A month after the historic flooding in Louisiana, many residents are still having trouble finding housing, reports WAFB’s Scottie Hunter.
According to Hunter’s report, thousands of people have applied for a manufactured housing unit from FEMA, but as of September 30, only 169 people have been able to move into one.
The number of homes has increased from where the total was a week ago, but there’s still a lot of work to be done. FEMA spokesman Tito Hernandez said the inspection process is the main reason for the delay.
“We’re inspecting hundreds of sites for sustainability,” Hernandez told WAFB. “We have to
deliver the units, but we have to inspect those units before we take them out of the staging area when we put them in the site whether it’s a commercial or private site.”
Unfortunately, FEMA says taht even when the homes can be inspected, the actual inspecting takes time, too—in some case it can take days or even weeks for inspectors to locate suitable spots for the units.
Meanwhile, the Shelter at Home Program, which allows residents whose homes were damaged to still live at their house while they rebuild, is moving along rapidly. As of Sept. 29, close to 20,000 homes were registered and more than 16,000 of those homes are inspection-eligible and approximately 5,000 are good to go for construction.
“Inspections are being scheduled and occurring,” Governor’s Office of Homeland Security & Emergency Management (GOHSEP) spokesman Casey Tingle said. “Construction is being started and being worked and we continue to look at how we expedite and improve the process to get all of that construction completed and final inspections done.”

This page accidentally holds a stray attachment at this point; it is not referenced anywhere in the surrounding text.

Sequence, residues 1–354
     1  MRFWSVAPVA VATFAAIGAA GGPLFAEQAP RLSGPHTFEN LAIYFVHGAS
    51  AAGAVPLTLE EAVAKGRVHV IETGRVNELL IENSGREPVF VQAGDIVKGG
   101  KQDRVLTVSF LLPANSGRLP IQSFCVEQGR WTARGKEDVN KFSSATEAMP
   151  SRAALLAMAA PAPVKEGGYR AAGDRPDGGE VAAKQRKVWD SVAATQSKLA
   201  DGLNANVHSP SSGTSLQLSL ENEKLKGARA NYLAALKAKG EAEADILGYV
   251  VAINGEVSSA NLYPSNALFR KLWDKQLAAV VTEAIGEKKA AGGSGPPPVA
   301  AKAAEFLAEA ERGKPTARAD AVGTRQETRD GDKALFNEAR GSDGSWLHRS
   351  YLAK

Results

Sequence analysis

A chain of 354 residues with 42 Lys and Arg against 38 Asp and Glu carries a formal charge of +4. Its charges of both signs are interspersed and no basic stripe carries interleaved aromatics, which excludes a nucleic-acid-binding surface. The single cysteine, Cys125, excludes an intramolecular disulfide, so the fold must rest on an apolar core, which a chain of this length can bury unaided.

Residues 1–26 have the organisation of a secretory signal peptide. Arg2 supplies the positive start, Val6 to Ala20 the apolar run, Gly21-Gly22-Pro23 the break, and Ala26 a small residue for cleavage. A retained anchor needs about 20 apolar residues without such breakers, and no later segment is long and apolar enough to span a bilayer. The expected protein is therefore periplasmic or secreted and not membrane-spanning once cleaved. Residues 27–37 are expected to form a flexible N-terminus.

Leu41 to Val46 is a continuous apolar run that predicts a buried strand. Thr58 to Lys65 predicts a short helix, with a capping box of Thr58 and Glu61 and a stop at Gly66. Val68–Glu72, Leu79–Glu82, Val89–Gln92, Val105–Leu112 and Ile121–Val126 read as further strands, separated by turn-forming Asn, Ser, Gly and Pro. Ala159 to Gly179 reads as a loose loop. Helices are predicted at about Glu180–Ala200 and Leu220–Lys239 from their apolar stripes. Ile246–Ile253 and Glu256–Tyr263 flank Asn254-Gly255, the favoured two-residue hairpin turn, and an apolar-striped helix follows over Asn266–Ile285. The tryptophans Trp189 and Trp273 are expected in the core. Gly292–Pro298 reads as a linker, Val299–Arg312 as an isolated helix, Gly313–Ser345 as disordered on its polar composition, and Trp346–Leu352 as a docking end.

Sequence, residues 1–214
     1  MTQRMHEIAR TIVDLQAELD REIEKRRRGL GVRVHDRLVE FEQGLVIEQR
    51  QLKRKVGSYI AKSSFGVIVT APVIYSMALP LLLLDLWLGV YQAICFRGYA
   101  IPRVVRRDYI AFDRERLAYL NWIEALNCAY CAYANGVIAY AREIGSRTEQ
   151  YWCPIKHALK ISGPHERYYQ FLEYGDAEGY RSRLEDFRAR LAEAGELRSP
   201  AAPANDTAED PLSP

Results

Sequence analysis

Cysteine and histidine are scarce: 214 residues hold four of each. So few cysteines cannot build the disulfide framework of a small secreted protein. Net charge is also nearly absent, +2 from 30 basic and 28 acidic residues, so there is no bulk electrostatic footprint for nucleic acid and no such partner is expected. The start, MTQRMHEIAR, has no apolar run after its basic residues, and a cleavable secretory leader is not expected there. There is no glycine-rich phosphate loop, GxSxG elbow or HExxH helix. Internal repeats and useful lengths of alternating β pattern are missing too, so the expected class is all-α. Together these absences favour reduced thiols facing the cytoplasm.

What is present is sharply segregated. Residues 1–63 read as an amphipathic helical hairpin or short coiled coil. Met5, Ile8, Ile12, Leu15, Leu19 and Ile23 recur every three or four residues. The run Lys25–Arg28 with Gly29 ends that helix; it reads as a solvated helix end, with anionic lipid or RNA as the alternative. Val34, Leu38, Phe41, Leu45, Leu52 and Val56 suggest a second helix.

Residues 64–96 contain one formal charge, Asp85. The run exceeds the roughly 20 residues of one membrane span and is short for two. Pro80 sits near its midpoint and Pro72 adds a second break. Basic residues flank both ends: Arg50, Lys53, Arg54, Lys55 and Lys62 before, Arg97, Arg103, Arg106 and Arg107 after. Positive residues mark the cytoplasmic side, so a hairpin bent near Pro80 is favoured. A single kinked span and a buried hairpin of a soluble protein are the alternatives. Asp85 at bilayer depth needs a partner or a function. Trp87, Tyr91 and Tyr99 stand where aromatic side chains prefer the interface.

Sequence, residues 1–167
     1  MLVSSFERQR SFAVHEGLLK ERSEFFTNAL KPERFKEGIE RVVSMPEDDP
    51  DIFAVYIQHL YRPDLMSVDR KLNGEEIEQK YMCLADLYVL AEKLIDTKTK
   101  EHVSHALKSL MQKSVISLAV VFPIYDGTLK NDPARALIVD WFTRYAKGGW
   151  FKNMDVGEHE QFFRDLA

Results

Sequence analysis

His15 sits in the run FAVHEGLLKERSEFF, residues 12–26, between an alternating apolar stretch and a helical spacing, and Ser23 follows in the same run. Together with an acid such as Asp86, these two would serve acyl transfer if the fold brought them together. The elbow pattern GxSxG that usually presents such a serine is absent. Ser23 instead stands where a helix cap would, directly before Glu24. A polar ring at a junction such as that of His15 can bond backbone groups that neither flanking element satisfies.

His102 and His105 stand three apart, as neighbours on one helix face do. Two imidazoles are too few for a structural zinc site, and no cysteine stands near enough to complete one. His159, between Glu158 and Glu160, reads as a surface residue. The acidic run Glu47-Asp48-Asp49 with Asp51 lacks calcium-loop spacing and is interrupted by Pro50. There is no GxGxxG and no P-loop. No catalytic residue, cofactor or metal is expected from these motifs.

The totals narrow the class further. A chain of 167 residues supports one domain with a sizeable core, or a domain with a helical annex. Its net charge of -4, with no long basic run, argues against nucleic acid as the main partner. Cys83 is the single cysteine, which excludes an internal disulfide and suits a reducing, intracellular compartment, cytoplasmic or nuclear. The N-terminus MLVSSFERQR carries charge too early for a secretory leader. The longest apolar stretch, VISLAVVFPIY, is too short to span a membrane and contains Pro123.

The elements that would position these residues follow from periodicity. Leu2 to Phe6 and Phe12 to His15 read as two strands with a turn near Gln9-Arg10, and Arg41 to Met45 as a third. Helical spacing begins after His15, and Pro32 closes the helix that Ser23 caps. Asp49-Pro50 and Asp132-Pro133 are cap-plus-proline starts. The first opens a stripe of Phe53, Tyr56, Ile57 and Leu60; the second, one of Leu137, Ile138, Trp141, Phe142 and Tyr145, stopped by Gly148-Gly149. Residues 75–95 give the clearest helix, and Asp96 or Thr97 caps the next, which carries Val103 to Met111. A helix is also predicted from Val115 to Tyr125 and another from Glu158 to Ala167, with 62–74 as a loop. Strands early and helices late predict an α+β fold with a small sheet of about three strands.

The Shelter at Home Program has been able to reach close to 500 homes a day. However FEMA’s manufactured home process is still in need of improvement as it lags behind.
This is a surprise to those who followed Jan Hollingsworth’s recent report for MHLivingNews, when FEMA said they had learned from their past mistakes during Hurricane Katrina.
“FEMA’s got their plan and it’s moving and it looks like there’s some thought to it,” Steve Duke, Louisiana Manufactured Housing Association executive director and general counsel then told MHLivingNews. “We just tell them, ‘If there’s anything we can do, let us know.’
Our number one goal and objective is to get people out of the shelters.”
“It was six weeks before FEMA could get 113 families out of shelters and into homes. I blew up that night at a FEMA meeting,” Duke said. “I could have gotten 113 families out of shelters in less than a week.”
Hollingsworth’s report noted how rapidly manufactured home professionals were ready to jump in to help with the demand. For example, Alabama-based Sunshine Homes was optimistic it could supply high-quality, move-in homes within a month.
Sunshine Homes CEO John Bostick said, “Our factory is running at about two-thirds capacity. We could stretch and build a lot of homes.”
As the Daily Business News recently reported, Lexington Homes was recently awarded a major contract from FEMA for more manufactured housing. To see that report, please click here.
“We’re not perfect,” FEMA’s Hernandez said. “We’re going to have some folks that are going to fall through the cracks. For that, we have an appeal process.” ##
(Image credit is as shown on the linked page.)
Submitted by Joe Dyton to the Daily Business News, MHProNews.